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Unless certain exceptions apply, there are minimum age requirements for both, that age requirement is 59-1/2 years old. Since you are not 59-1/2 years old, and if you don't meet one of the exceptions, there will be a 10% early withdrawal penalty that will apply. Now, as for which one is better to withdraw from, this depends. In all cases, when a person makes a withdrawal from a traditional IRA, the distribution amount is taxed as ordinary income. With a Roth IRA, whether the distribution amount will be taxed as ordinary income will depend upon whether the distribution from the Roth IRA is considered a qualified or a non-qualified distribution. If the distribution is considered qualified, then the distributed amount will be tax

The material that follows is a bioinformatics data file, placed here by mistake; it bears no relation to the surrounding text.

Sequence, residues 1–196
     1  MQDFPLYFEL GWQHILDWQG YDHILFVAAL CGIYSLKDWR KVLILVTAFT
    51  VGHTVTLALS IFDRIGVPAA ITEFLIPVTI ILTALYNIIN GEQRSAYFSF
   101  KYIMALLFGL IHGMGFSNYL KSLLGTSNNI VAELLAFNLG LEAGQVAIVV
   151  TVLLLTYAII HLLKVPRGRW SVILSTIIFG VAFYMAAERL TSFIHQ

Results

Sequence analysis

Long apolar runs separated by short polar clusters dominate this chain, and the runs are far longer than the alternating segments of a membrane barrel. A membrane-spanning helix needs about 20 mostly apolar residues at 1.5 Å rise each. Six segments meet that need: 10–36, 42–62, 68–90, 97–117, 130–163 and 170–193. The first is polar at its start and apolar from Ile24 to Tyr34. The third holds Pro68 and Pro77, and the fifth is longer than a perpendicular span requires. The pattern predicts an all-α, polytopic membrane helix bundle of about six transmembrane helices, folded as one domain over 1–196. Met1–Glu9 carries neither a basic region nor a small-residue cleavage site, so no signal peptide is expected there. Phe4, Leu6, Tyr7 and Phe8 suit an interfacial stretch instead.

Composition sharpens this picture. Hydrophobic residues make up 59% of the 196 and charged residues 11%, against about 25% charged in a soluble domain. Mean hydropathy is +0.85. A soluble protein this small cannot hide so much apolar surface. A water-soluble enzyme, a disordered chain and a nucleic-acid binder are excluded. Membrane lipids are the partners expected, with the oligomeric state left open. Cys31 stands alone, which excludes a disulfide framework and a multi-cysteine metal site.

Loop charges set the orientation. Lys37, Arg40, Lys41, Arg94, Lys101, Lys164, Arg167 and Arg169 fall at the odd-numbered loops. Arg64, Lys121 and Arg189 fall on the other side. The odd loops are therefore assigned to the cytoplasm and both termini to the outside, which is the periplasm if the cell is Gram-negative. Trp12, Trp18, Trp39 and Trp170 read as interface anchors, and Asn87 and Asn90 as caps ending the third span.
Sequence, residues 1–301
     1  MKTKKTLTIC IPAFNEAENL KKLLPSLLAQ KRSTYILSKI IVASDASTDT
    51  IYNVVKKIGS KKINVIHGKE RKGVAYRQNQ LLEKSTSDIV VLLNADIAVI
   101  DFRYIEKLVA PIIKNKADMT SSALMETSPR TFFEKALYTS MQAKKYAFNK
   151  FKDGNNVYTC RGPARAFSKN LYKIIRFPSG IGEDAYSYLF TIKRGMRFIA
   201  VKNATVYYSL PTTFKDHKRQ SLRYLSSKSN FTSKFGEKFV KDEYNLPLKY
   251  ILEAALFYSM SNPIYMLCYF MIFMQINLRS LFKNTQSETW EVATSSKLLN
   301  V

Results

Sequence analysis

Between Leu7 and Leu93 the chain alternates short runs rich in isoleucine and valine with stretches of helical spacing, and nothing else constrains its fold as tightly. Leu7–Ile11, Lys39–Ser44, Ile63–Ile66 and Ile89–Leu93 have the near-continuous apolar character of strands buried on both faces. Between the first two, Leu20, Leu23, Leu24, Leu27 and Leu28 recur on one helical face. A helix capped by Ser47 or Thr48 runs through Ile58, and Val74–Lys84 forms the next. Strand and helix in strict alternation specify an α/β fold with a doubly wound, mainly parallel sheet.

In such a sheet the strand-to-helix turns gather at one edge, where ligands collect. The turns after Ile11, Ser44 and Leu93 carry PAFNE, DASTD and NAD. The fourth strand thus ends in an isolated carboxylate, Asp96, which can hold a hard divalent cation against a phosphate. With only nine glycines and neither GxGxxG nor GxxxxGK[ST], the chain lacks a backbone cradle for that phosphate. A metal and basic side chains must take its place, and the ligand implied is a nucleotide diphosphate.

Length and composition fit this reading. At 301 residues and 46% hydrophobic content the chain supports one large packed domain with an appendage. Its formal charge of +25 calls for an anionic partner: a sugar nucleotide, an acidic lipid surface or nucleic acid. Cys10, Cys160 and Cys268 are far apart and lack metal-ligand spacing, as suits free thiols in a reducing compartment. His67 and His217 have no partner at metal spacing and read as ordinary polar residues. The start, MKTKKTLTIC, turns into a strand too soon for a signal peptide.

free (keep in mind there will still be the 10% penalty unless an exception applies). On the other hand, if the distribution amount is considered non-qualified, the distributed amount will be taxed as ordinary income, plus the 10% penalty, as with the traditional IRA. For an easier read on what I have just written, you can refer to the following link;
You can also refer to the IRS Pub 590;
Please let me know if I can be of further assistance to you regarding this matter.
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